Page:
Boolean Texture plug-in

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  07 July 2003
Boolean Texture plug-in

Anybody using it? It sounds simple enough - apply to 2 objects, render. *Riiight.* Not working at this end, and any help/ideas from those using it would be greatly appreciated!
__________________
"Now if I can just find a midget with some gin, I'll be in business..."


http://www.maxxwv.com
 
  07 July 2003
Hi Maxx. Fi's Junkbox has a good fake boolean in the Shaders 4.1 pack. Here's the basic rundown on its use.

-----------------------------------------------------------------------------

*NOTE* For a tutorial on SHIFT's Fake Boolean, scroll down to the bottom of this page.

-----------------------------------------------------------------------------

You'll need four surfaces to pull off Fi's Fake Boolean. They are:

1. The Source surface. This is the object that will be affected by the boolean.

2. The Source Inside surface. Contrary to what you would expect, this is not the surface you'll see on the inside of the Source object. I'll explain more on this in just a bit.

3. The Target surface. This is the object that will do the cutting.

4. The Target Outside surface.

Of course, in order to get four distinct surfaces, you'll need four distinct objects. Here's a simple example to show you how to set this up.

In Modeler, create a box in the first layer. Give it a surface name called "Source."

Copy this box to a new layer. Flip the polys so that their normals face inward and give it a new surface called "Source Inside."

Now this is the important part. You must set the following surface attributes for the Source Inside object:

Color = pure black
Luminosity = 100
Diffuse = 0
Transparency = 100

Cut the Source Inside object from the second layer and paste it back into the first layer. You should now have what appears to be a simple box. But if you select it, you will find that it is really two boxes. One has its normals facing outward (this is our Source object) and one with its normals facing inward (this is our Source Inside object).

Now we're going to create our boolean object. For this example, let's create a simple sphere in layer two. Here's where it gets interesting. The surface of your Source object (the box) faced outward. But the Source Inside object faced inward. We need to do the opposite for our Target object. So begin by flipping the polys of your sphere so the normals face inward.

Now give it a surface name called "Target." Since this is a sphere, go ahead and turn on smoothing. And while you're at it, give this surface color something unique. If your box is the generic white, make this a bright blue. You'll see why in just a minute.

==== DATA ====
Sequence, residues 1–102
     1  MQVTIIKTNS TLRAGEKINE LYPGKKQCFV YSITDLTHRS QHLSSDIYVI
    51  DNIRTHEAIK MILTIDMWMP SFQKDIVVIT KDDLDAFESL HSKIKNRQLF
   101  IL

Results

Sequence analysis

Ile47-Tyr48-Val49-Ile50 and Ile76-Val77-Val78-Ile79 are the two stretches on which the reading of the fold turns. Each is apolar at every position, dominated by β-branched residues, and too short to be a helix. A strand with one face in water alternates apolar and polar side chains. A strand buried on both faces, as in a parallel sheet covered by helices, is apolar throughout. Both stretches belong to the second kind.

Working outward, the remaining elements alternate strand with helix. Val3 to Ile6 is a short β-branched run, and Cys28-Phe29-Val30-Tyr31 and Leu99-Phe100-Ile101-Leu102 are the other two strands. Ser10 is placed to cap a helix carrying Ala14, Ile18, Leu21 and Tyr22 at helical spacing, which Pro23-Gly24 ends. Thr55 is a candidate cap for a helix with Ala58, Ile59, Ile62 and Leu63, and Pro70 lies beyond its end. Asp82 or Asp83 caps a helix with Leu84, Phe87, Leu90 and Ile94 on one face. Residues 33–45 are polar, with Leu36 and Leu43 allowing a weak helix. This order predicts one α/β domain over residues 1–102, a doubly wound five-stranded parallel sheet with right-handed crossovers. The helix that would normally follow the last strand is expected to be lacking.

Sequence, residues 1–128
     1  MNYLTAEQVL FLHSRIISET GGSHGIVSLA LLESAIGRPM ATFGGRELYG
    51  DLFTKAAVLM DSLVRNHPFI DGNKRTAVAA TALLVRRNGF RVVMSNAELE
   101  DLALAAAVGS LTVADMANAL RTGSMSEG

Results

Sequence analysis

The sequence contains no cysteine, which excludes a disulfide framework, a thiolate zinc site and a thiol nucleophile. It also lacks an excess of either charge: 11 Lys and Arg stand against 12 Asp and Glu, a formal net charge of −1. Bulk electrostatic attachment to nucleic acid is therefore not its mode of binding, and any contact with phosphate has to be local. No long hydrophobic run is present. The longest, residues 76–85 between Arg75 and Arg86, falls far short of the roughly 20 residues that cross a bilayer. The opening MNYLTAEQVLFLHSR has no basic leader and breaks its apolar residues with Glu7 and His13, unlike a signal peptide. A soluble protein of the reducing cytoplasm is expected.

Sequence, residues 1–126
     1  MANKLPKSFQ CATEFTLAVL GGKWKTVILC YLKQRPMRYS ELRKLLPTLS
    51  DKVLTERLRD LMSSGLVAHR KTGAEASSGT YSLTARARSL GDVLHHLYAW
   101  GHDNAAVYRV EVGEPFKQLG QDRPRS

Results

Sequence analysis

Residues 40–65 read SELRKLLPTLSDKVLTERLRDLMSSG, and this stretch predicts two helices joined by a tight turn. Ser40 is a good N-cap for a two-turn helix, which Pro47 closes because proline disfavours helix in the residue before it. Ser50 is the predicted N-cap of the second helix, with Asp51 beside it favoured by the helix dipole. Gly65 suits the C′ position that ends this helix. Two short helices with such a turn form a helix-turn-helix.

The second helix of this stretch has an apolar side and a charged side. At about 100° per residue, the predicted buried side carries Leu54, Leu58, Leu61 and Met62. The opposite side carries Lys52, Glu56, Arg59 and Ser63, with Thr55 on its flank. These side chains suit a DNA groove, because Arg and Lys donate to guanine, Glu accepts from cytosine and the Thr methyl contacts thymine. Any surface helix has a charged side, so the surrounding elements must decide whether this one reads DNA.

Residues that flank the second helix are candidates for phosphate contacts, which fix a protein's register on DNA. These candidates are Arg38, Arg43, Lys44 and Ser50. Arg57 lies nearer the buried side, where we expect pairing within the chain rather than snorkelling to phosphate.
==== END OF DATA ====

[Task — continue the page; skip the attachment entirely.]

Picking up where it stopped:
Copy the Target object to layer three. Give it a new surface name called "Target Outside." Now watch this. Since our Target object had its normals facing inward, our Target Outside object needs its normals facing outward. You're just doing the reverse of what you did with the Source object. So use the Flip command to flip the polys. Set it's surface the same as the Source Inside:

Color = pure black
Luminosity = 100
Diffuse = 0
Transparency = 100

Finally, cut the Target Outside from layer three and paste it into layer two.

You should have what appears to be a box in layer one and a sphere in layer two. Save your object.

Fire up Layout and load your object. Then bring up the Surface Editor. We need to apply the Fake Boolean shader to two of our surfaces: The Source and the Target. The Source Inside and Target Inside are alread set, and we don't need to do anything with them from here on out.

Apply the Fake Boolean shader to both your Source and Target surfaces. We're almost done, but first we need to tell the shader which object is the Source, which is the Target, and which layers they reside on.

With your Source surface selected, double click on the Fake Boolean shader. This will bring up two drop down options:

Effective Space: You have two options here. Outside and Inside. Outside is the Source object. Inside is the Target (or boolean) object.

Intersecting Item: This is where we specify which layer our Source and Target items are on.

Since this is our Source object, set Effective Space to Outside. And we need to tell it that our Intersecting Item (our Target object) is on Layer 2.

Repeat the process for the Target surface, but choose the opposite settings. Effective Space will be Inside, and Intersecting Item (our Source object) will be Layer 1.

As far as setup goes, that's it. You can now move your objects around and whenever the ball intersects with the box, it will cut it away. If you set your Target surface to blue, you will notice that anywhere that was cut leaves a blue surface. Contrary to what you would expect, the Source Inside is not actually what you will see on the "inside" of the box. Rather, this surface is necessary for the Target surface to show up.

From here, you can play with the surface settings for the Source and Target. As long as you don't tweak the Source Inside and Target Outside, everything will turn out fine.

Hope this helps!

Steve
__________________
Author: ZBrush ZPipeline Guide for LightWave
Co-Author: Essential LightWave [8] / v9
Co-Author/Editor: LightWave Tips and Tricks

www.stevewarner.com

Last edited by Steve Warner : 07 July 2003 at 07:45 PM.
 
  07 July 2003
Man, Steve, you are like a personal encyclopedia of plugins
 
  07 July 2003
wow! Talk about a comprehensive bit of plugin help.
 
  07 July 2003